By Jessica McDonald
Originally posted January 10, 2016
The United States has a reputation for providing costly -- and often unwanted -- end-of-life care. But the first study to do an international comparison finds it's not as egregious as we thought.
Compared with patients in other developed nations, Americans diagnosed with cancer spend more time in the intensive care unit and get more chemotherapy in the last months of their lives.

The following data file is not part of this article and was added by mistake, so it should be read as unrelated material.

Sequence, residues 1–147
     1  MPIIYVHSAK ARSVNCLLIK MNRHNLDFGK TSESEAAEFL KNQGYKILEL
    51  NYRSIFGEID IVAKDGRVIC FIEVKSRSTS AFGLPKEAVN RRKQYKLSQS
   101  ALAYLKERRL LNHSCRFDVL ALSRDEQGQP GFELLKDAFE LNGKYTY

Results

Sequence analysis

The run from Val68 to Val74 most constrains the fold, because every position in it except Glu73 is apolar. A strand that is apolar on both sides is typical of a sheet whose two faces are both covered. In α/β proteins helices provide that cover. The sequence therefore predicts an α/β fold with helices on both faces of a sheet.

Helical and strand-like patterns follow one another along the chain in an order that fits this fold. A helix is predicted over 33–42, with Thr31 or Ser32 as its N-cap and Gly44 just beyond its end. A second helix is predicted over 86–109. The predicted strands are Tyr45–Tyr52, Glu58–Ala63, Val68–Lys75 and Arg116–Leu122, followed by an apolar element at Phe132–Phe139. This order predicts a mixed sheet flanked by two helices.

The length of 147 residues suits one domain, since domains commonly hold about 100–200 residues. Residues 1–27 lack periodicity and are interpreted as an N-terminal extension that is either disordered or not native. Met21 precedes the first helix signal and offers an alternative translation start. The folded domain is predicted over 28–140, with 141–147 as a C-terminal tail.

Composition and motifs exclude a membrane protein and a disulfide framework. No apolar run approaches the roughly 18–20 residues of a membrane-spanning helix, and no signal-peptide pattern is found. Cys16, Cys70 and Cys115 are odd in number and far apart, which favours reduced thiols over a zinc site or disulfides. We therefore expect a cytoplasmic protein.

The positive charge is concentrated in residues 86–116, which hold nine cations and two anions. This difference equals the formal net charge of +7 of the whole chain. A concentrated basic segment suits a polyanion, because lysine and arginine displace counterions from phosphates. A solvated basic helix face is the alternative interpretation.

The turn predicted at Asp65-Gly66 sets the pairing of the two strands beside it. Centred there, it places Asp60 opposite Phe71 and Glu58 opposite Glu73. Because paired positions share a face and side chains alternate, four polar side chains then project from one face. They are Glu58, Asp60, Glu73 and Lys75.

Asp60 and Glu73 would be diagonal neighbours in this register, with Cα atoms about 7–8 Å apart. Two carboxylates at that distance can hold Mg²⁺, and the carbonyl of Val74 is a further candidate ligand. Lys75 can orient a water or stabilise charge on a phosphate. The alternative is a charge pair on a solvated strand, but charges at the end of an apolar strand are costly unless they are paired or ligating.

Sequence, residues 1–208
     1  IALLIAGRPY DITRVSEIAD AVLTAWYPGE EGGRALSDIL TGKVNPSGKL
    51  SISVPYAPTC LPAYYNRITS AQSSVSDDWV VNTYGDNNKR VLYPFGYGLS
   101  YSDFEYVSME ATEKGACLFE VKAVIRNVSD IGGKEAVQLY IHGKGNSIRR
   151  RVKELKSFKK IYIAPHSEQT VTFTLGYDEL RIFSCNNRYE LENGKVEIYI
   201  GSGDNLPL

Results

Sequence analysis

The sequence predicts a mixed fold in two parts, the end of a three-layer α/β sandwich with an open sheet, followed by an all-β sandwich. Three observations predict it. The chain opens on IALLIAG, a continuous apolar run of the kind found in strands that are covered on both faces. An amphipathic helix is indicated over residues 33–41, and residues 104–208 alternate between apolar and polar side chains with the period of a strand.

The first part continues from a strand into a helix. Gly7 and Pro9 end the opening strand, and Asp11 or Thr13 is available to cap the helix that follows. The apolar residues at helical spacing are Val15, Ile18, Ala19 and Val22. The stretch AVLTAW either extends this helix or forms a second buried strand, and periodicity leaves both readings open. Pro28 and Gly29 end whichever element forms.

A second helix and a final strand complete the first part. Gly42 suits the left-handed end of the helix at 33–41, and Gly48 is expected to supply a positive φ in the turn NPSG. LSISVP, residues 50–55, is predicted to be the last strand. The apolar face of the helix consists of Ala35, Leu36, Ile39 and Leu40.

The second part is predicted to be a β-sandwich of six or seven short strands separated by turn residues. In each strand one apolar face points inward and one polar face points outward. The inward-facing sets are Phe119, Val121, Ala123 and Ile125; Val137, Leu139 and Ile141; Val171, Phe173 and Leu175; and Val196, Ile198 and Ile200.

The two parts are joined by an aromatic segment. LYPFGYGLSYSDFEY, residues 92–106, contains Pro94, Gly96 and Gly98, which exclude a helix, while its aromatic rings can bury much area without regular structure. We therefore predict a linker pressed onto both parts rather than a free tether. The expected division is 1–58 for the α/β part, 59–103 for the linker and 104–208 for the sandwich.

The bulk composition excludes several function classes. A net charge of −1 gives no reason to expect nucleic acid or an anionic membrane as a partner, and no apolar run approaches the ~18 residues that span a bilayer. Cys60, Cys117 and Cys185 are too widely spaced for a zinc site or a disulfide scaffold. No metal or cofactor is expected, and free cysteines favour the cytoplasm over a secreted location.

But fewer patients are in the hospital when they die. And the overall bill, while high, isn't the steepest. That honor goes to Canada.
"We found that end-of-life care in the United States is not the worst in the world, and I think that surprises a lot of people," said Dr. Ezekiel Emanuel, a medical ethicist at the University of Pennsylvania.
The article is here.